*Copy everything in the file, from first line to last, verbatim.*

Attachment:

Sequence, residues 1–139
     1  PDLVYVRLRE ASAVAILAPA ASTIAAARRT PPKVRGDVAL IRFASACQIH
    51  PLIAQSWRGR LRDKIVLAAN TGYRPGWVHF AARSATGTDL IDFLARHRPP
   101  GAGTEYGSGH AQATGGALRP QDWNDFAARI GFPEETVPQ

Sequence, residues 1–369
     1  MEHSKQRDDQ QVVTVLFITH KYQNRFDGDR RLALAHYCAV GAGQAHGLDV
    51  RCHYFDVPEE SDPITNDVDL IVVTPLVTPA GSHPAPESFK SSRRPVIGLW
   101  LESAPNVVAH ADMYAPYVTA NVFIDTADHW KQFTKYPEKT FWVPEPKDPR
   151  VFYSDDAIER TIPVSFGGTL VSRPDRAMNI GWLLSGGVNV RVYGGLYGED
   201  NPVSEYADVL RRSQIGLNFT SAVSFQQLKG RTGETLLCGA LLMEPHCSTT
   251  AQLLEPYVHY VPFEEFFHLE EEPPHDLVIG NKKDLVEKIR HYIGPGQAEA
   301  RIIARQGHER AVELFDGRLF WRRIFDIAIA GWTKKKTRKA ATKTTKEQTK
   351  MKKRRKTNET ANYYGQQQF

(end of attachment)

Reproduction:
Sequence, residues 1–139
     1  PDLVYVRLRE ASAVAILAPA ASTIAAARRT PPKVRGDVAL IRFASACQIH
    51  PLIAQSWRGR LRDKIVLAAN TGYRPGWVHF AARSATGTDL IDFLARHRPP
   101  GAGTEYGSGH AQATGGALRP QDWNDFAARI GFPEETVPQ

Sequence, residues 1–369
     1  MEHSKQRDDQ QVVTVLFITH KYQNRFDGDR RLALAHYCAV GAGQAHGLDV
    51  RCHYFDVPEE SDPITNDVDL IVVTPLVTPA GSHPAPESFK SSRRPVIGLW
   101  LESAPNVVAH ADMYAPYVTA NVFIDTADHW KQFTKYPEKT FWVPEPKDPR
   151  VFYSDDAIER TIPVSFGGTL VSRPDRAMNI GWLLSGGVNV RVYGGLYGED
   201  NPVSEYADVL RRSQIGLNFT SAVSFQQLKG RTGETLLCGA LLMEPHCSTT
   251  AQLLEPYVHY VPFEEFFHLE EEPPHDLVIG NKKDLVEKIR HYIGPGQAEA
   301  RIIARQGHER AVELFDGRLF WRRIFDIAIA GWTKKKTRKA ATKTTKEQTK
   351  MKKRRKTNET ANYYGQQQF